Code Optimization: Go For the Jugular

Code optimization can sometimes be experienced as a lengthy process, with disruptive effects on code readability and maintainability. For effective optimization, it is crucial to focus efforts on areas where minimal work and minimal changes will have to most impact, ie. go for the jugular

The Prey

I will illustrate this using SamplingProfiler in a small example, taken from a small library that deals with short vectors of varying length (but usually less than 10 dimensions), which I simplified, isolated & anonymized for the purpose of this article.

uses TypInfo;

   TDoWhat = (dwInc, dwDec);

procedure DoSomething1(var data : array of Integer; what : TDoWhat);
   i : Integer;
   for i:=Low(data) to High(data) do
      case what of
         dwInc : Inc(data[i]);
         dwDec : Dec(data[i]);
         raise Exception.Create('Unsupported: '+GetEnumName(TypeInfo(TDoWhat), Integer(what)));


Get Meat into Belly

Before starting any kind of optimization, one has to define goals and limits, ie. figure out what “good enough” will be rather consider  “good enough” to be the state of the code one has grown tired of optimizing it!

The sample code above is quite straightforward and simple. It would of course be possible to blow this code to huge proportions for optimization’s sake. If you are after getting every last drop of CPU-cycle juice, and allow yourself to use every trick in the book, a fully optimized version could represent several thousandths of lines of code (I’m not exaggerating). If it’s your core business, it might be okay, but if it’s just a utility library, the increased maintainability issues could never be justified.

But since this article is intended more as an illustration than a discussion on the methodology, I’ll get straight to the buffalo (beef). For further reading on that subject, you can start from Big O Notation, Benchmarking and Software metrics articles in wikipedia, there are also whole books on the subject.

Next: Stalking the Prey

6 thoughts on “Code Optimization: Go For the Jugular

  1. > the compiler won’t “know” about the exception in the called procedure

    That’s something that I really miss in Delphi. You can’t give the compiler a hint that a procedure never returns. C++0x has something for this but Delphi doesn’t. Maybe somebody should file a feature request in QC.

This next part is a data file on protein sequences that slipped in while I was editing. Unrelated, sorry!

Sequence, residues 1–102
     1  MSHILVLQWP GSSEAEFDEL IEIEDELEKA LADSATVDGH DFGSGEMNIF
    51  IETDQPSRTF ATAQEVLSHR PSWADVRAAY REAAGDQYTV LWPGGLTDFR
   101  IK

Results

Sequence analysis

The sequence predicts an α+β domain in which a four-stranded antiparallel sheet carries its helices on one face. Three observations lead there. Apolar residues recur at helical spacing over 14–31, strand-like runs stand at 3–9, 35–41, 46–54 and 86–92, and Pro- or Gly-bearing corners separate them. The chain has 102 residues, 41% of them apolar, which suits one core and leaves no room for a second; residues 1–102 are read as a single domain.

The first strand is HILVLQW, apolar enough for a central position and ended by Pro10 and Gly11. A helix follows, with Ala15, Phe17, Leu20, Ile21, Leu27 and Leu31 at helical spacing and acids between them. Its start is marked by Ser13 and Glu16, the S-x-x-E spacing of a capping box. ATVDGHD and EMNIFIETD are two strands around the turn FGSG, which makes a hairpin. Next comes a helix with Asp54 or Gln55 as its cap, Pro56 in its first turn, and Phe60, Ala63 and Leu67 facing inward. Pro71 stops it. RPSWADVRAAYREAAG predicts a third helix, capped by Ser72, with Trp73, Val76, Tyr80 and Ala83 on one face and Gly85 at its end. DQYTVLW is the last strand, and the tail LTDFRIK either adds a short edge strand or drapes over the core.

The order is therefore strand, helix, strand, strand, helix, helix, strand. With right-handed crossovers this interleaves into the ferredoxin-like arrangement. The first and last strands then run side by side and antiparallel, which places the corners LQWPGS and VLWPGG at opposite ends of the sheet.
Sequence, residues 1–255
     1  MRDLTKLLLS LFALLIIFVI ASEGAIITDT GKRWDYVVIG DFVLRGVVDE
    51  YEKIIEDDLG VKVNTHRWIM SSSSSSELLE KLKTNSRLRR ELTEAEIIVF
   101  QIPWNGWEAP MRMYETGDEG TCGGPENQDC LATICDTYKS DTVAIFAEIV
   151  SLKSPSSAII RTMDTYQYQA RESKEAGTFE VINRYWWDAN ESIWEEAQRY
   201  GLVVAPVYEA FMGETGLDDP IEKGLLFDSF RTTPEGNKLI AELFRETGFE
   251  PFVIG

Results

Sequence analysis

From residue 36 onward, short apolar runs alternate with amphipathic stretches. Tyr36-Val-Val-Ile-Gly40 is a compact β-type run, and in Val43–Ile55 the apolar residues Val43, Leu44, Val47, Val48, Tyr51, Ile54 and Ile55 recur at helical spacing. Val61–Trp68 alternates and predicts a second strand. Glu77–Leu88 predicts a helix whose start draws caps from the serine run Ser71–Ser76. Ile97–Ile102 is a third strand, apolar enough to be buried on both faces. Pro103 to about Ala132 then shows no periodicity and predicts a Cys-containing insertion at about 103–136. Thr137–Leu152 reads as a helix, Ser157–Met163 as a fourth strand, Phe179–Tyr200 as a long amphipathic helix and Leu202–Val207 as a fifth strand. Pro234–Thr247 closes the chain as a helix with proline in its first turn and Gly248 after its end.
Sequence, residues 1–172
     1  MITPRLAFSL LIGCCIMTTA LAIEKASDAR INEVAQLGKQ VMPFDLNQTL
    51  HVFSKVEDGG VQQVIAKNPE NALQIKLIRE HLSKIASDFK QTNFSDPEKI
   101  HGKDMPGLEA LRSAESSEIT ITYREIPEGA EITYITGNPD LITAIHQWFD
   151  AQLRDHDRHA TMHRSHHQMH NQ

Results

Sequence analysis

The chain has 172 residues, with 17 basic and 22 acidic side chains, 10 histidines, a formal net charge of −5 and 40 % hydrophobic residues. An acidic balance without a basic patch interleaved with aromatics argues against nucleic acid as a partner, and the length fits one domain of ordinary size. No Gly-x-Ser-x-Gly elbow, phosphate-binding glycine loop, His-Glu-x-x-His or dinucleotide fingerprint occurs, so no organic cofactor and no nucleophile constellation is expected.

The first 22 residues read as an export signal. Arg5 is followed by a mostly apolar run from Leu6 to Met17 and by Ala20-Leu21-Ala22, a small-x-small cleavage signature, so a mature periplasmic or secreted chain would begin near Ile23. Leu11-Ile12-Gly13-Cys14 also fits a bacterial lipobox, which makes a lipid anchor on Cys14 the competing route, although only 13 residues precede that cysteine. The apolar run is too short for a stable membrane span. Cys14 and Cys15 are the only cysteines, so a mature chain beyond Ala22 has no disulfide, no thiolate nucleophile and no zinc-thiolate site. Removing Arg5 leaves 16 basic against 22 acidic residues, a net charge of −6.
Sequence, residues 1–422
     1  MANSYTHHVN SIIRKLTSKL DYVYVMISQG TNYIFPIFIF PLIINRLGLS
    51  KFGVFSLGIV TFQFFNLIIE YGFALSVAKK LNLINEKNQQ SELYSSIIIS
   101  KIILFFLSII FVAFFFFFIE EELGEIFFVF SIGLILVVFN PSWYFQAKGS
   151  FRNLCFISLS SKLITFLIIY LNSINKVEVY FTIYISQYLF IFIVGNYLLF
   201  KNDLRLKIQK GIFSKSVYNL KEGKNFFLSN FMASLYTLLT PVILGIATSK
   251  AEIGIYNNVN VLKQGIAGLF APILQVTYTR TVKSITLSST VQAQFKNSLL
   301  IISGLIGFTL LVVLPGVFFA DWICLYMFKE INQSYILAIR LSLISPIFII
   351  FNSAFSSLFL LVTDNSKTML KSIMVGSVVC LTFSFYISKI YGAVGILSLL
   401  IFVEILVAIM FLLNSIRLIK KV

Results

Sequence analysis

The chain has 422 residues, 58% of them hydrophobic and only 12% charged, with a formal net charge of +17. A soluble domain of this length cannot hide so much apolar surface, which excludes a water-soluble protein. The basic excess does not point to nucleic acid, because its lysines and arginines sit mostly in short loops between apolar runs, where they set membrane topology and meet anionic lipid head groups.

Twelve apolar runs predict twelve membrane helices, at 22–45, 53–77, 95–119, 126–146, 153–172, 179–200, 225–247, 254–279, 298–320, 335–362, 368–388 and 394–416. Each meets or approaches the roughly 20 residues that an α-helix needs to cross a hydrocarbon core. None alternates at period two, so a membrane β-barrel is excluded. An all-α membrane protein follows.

2. Good article! This reminds me I need to try your SamplingProfiler on some of my code, hopefully I will help me remove some bottlenecks.

  3. > the compiler won’t “know” about the exception in the called procedure

    The approach I’d have taken would have been to have a utility function that returns the Exception to be raised.

    ie: line 105 to read
    raise CreateUnsupportedException(what)

    and defined as
    function CreateUnsupportedException(what : TDoWhat): Exception;
    Result := Exception.Create(‘Unsupported: ‘+GetEnumName(TypeInfo(TDoWhat), Integer(what)));

    Wouldn’t that still remove the Sting cleanup code into the function but also allow the compiler to “see” the raise.

  4. i think this is one of the most helpful technical articles, on any subject, that i’ve ever seen. It starts with a real example, and it deals with the real questions that result. And what’s good is that you actually focus on the weird stuff, explain why it is, and how to fix it – or why it should not be fixed.

    By dealing with the tough questions, in the same way that they would occur to another developer, you make the task of optimizing seem obvious and natural.

    Actually saying that a CreateFmt would be the first fix, but then explaining why it won’t help in this case, is perfect.

  5. Yes, great educational article, thank you Eric.

    But interestingly I tested this same procedure under Delphi 7 as an exercise to become familiar with SamplingProfiler, and in my tests the exception frame overheads were insignificant.

    The time spent on the “end” statement in DoSomething1 varies between 0 and 11%.

    I tested with array sizes from 40,000,000 to 200,000,000 integers, with the following typical number of samples for each array size:

    Array size: 40M 80M 200M
    DoSomething1 105 212 544
    DoSomething4 104 211 539

    So it seems to me that with Delphi 7 it’s not worth the disadvantages of moving the exception to a procedure.

    Or am I missing something? (The “stack setup” line did not appear in any of my profiling, nor did the “case of” line for DoSomething4).

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